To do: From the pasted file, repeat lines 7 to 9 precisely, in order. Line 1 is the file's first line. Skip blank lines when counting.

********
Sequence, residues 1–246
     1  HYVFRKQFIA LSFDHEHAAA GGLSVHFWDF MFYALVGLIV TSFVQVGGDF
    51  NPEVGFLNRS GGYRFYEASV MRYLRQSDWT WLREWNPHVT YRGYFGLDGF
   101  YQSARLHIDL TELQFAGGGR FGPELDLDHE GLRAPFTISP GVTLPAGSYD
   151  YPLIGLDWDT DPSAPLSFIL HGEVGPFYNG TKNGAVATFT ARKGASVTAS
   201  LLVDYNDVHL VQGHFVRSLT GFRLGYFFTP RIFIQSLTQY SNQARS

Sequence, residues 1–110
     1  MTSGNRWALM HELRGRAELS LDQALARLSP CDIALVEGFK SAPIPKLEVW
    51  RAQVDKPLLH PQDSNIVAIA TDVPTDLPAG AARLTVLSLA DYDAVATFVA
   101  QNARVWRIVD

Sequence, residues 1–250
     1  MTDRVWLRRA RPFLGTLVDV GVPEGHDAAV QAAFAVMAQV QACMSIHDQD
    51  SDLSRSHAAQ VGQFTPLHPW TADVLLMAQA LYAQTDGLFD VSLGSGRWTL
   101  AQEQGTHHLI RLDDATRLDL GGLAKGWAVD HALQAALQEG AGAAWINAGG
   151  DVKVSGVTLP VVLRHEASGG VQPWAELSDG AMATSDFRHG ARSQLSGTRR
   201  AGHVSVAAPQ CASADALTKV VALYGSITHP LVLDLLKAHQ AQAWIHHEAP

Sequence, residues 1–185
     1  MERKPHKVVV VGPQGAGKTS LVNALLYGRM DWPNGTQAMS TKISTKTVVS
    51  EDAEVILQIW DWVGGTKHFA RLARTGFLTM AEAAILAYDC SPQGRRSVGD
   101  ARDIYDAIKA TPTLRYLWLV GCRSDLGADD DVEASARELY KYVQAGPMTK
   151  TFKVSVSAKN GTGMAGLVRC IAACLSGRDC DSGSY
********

Sequence, residues 1–110
     1  MTSGNRWALM HELRGRAELS LDQALARLSP CDIALVEGFK SAPIPKLEVW
    51  RAQVDKPLLH PQDSNIVAIA TDVPTDLPAG AARLTVLSLA DYDAVATFVA